10. Harmonic chant in relation to clianted, intoned, or sung text.

11. Melody.

12. Harmony.

In many cultures it has been the role of music to help express a sense of
(lie harmony of the universe in which we live, the sense of a hummnic order
wliich one can aspire to in oneself, in spite of-in light of!--all shocks and
i Iaily contradictions. Could the fact of listening differently change one’s abil-

i t y to be open to the traditions, or to the inner search?

l‘lie traditional idea of music as a real link to the sacred is in modern times
iiiostly “hearsay.” The measure of a music is in how it can help transform the
\t;ite of our listening, focus it on essential coinmunication, and make the idea
()I’Iiarmony real.
I lere Gurdjieff‘s indications as to the level of perception of truth obtain-
. i I )I(\ throiigh sincere study of music are quite striking. He einbodiecl this

1 ) 1 iiic+c even in the naine of his center in France, the “Institute for the
1 I;iririonic 1 ) c v e l o l ) i i i r i i t o f Main.”“ 1 Iis writings are fill1 of indications c o w
( . ( . I iiiiig t11(* sc.ic.iic.cs of’ \ i l ) t ; i t i o i i , I~;iritiony,;urtl ( ~ ( ’ I I soii11(1, I ) i i t , ;is witli all
III(.I)III(.I.; i s l ) c ~ tol’liis
s l(,;i(,liiiiK, III(.I.(* IS 1 1 0 “III;IIIII;I~,”IIO “IiowIo ”I I ( . I<II(.\V
lll.11 clllcY,( ~ ~ 0 1 l t , l\\,Ill1 Ill(.
~ ~ 1 ,I l , ~ , l ~ ~ lI ,\ l l l ~ ,Ollh \\‘;I\’ I 0 (1111\. “ll(~;ll”11s I ( ’ \ ( )
1 l . 1 1 1 ~ ’ Ill
~ ~ 111,. \\dllbl,~I I I l I l l l ~ ~ 4 .~1 1l 1l l 1 o l l l ~ ’ -I >
ll(. 111: \ l , l l ~ ~ l l l l l~ l\\,ll(~ll
’ \l’ l ’ll~ ~ llll~\
resound in the moment, guard symbolic meanings which only actual experi-
ence can illuminate.
In Beebebub’s Tule.r, Curdjieff disciisses at length the possible ways one
can I-esearch the fundamental laws of the universe and of the human being.
I Ie emphasizes jiist how far certain kinds of miisic, the science of “the laws
of vihi-ation,”can help. A n d he widely eniploys miisical inetapliors to explain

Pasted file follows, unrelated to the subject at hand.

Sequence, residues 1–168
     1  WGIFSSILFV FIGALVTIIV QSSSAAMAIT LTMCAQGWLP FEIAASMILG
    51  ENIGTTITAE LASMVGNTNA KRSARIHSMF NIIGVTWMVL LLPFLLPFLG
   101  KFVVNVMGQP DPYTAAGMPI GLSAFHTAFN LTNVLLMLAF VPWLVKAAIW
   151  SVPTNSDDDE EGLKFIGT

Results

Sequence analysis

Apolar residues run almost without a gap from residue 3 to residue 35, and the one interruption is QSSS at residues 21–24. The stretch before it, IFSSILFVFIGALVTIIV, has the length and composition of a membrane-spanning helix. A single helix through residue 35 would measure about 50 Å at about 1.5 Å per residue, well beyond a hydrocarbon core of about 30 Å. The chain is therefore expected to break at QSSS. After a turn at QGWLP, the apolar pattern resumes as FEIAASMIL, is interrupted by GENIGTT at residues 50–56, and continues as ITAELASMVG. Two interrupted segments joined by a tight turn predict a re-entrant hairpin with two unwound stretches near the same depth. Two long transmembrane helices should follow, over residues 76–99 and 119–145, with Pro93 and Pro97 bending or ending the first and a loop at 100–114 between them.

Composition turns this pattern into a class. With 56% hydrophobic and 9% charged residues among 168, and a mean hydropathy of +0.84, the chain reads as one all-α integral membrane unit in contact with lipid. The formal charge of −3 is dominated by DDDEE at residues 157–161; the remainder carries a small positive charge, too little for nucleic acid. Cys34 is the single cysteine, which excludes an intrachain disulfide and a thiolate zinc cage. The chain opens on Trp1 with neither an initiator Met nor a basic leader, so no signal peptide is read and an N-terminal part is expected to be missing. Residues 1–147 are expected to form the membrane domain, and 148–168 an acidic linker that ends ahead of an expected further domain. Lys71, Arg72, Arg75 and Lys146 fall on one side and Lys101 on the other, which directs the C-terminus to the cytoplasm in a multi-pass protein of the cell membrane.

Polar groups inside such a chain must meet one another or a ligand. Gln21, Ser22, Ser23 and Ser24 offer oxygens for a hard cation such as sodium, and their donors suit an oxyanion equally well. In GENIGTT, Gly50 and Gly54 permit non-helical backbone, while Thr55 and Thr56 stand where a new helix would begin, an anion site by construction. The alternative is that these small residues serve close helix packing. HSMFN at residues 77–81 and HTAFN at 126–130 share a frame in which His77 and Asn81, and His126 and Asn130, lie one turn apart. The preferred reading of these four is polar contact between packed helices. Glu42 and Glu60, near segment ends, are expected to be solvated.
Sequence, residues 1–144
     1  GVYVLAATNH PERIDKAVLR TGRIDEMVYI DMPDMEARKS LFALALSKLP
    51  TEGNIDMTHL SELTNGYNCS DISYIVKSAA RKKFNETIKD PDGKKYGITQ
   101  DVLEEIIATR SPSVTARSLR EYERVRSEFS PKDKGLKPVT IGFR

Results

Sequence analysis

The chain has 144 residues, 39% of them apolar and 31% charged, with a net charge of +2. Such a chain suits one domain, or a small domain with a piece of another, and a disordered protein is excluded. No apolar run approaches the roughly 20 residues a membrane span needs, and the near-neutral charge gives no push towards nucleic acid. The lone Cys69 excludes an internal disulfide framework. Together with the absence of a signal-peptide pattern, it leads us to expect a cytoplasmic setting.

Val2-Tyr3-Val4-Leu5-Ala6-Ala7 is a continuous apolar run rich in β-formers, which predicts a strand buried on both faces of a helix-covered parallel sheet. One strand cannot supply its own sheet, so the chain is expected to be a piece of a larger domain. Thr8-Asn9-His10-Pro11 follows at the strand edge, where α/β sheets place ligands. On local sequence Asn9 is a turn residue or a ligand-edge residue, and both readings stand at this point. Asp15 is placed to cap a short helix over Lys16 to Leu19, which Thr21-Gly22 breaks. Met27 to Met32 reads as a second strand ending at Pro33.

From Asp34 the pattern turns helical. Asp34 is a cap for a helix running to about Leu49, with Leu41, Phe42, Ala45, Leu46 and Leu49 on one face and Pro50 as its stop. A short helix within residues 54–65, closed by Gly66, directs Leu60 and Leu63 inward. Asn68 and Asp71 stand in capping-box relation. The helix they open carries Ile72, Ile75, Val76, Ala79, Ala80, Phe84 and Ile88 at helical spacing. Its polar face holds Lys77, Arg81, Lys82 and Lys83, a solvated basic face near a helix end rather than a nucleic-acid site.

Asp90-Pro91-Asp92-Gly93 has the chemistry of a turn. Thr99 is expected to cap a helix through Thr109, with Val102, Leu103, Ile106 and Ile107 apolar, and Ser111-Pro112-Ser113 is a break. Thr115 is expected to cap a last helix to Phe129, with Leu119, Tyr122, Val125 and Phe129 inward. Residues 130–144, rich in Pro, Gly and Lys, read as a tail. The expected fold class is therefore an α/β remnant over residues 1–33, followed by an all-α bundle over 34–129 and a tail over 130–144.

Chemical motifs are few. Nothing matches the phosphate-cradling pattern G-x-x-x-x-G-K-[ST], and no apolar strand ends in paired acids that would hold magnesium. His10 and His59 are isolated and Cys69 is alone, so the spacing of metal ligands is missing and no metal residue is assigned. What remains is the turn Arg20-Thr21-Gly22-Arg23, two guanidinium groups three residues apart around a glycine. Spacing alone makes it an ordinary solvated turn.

the action of these cosmic laws on every scale. He stresses that the real aim
of research is the nttnirirrient of nriotlrer letid of hcirig.”
Gircijijieff praises the benefits of certain kinds of chanting, which lie says
bring to life a state of “echo” and “ceIitralization” in one’s beingi He describes
a sacred, cosmic law of the universe, given by the soiinds “AlEIOIUOA’:

There proceeds within ewiy ai-ising, large ; n i d small, \vhen in direct

touch with the eiiianations either of the Suti Absolute itself or of any
othclr S I I I I , what is cnlled “Remorse,” that is, a process, when cveiy part
that lias arisen froiii the results of any one IIoly Soiirce of the Sacred
Ti-iairrazik,iiiirio [law of tlircc], as it were, “rcvoks,” and “criticizes” the
former unlieconiing perceptions mcl the Innnifestations at the moment,
of another part (9Cits whole.8

Such remorse for one’s habitual way of being, a principal incentive in tlic.
seeker’s striving to be at some moments othenvise, is said elsewhere to be tlrc-
result of a special kind of listening sensitivity, called “Vibroechonitanko.”“
The art of‘ chanting, when it is correctly transmitted, seems particularly
siiitetl to helpjng a11 inner listening, an inner attention, a state of greater prcss-
ence to oneself, to appear.
Until 1 can listen better there is no hope that I can hear a teaching. S o
many enlightened beings, so many sacred tests! But until I can hear what I S
being said, and can hear it working within, it is as Gurdjieff said-like hc;ii.-
ing a bell “without knowing where the sound came from.”1°
Our listening is often so conditioned, so filled up with tlroughts and t(*ii-
sions, that it is as though we were deaf. The vibrations from subtler levels 01
our being, which Gurdjieff says are calling to us from within, go m o s t l y
unheard. However, these harmonics of the fundamental notes of our lives ; I I 1 ’
necessary; they give quite another meaning to the deep tunings and mistiiii
ings which come and go, day after day, in ourselves and with others . . . (
to our coming and going itself.